In reversing the lower court, the Iowa Supreme Court applied the longstanding Iowa interpretation of the “stream-of-commerce” doctrine, and rejected the more stringent interpretation advanced by Doublestar.
Under stream-of-commerce, courts have jurisdiction over a corporation “that delivers its products into the stream of commerce with the expectation that they will be purchased by consumers in the forum state.”
Also, Doublestar conceded it was subject to the jurisdiction of Tennessee and had not shown it would be more burdensome for it to face a lawsuit there than in Iowa, the high court said.
“A Tennessee forum would be far more burdensome to the Books compared to their home county,” the court ruled. “Their interest in obtaining convenient relief at home clearly outweighs Doublestar's interest in avoiding Iowa in favor of Tennessee.”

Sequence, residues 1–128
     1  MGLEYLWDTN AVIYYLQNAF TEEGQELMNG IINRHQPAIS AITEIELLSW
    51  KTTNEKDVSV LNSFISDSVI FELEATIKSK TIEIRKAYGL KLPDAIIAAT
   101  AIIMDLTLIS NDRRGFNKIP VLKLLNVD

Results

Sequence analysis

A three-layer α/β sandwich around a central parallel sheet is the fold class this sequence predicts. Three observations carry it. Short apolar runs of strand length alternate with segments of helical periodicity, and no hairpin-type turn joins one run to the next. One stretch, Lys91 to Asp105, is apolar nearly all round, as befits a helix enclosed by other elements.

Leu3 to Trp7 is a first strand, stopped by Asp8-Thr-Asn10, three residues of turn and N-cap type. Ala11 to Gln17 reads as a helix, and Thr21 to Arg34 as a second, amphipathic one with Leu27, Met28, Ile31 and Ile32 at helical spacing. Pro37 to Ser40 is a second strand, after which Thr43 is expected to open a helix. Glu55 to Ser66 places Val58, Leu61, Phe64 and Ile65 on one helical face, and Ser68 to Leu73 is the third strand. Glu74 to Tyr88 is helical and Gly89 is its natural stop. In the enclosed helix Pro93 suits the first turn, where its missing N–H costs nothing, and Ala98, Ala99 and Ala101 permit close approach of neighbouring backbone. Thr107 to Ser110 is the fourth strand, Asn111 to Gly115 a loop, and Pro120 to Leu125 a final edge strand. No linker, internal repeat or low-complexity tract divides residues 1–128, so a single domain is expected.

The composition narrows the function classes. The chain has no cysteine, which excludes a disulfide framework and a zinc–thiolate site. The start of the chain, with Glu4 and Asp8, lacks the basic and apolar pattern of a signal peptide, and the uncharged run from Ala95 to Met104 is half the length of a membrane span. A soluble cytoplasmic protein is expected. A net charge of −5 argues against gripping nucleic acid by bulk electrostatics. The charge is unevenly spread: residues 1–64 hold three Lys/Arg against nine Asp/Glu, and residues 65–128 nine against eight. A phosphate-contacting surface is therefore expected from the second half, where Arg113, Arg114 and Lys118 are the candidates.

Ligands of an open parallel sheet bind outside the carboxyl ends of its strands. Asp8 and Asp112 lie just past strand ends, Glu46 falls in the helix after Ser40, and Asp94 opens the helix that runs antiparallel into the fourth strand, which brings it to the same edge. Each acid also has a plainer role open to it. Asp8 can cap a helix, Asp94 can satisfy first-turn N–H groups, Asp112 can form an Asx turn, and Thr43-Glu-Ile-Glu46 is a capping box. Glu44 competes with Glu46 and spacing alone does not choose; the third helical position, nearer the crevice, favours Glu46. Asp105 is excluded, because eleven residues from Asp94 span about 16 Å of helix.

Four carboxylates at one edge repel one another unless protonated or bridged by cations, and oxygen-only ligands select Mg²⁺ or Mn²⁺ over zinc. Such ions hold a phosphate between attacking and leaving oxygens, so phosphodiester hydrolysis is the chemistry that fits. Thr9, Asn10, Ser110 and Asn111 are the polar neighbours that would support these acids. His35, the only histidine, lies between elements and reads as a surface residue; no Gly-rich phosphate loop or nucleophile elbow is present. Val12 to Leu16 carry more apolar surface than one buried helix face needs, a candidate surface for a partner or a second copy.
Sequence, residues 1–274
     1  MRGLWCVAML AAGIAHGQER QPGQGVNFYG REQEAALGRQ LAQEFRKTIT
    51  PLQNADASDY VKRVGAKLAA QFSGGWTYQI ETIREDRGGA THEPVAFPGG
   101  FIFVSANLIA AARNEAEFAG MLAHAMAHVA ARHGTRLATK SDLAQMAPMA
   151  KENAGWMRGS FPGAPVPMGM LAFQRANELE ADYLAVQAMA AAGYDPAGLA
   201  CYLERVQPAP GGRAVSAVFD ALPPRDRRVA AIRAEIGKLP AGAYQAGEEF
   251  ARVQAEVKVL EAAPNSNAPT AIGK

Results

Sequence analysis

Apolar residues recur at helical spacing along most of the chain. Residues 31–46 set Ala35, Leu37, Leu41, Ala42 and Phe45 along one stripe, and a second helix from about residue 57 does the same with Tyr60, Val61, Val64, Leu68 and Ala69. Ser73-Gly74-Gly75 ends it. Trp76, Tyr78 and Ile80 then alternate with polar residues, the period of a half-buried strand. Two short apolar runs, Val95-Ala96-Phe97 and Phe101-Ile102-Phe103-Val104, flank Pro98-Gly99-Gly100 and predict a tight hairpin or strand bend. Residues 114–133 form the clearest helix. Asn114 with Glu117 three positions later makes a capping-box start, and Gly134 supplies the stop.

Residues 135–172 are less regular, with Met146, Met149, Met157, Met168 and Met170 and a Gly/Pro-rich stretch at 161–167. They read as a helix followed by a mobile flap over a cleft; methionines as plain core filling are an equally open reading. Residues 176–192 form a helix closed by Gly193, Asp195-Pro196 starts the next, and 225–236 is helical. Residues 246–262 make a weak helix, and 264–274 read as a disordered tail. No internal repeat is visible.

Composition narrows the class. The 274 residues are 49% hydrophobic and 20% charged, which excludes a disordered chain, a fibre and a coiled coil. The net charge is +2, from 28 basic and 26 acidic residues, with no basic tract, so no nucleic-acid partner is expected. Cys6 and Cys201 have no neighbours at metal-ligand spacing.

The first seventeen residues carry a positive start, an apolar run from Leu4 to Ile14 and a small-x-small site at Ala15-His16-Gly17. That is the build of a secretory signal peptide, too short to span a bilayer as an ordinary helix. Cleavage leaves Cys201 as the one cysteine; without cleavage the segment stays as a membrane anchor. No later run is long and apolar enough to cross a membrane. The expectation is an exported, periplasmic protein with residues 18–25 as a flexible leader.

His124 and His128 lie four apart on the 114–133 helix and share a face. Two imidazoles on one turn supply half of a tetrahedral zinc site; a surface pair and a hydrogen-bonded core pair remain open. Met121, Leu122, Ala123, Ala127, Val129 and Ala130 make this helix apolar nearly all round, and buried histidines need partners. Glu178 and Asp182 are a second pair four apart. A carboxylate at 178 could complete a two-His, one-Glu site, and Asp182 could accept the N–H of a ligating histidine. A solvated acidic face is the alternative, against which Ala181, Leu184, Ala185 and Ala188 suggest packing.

Neil Ray Chamberlin, an attorney for the Little Rock, Ark., law firm of McMath Woods P.C. which represented the Books, praised the decision. “This was the right decision,” Mr. Chamberlin said. “I've seldom seen a case where the evidence was so compelling.”
Kevin M. Reynolds of the Des Moines-based law firm of Whitfield & Eddy P.L.C., which represented Doublestar, told Tire Business on March 10 that he was not sure whether Doublestar would appeal the case to the U.S. Supreme Court. Mr. Reynolds declined other comment on the case.
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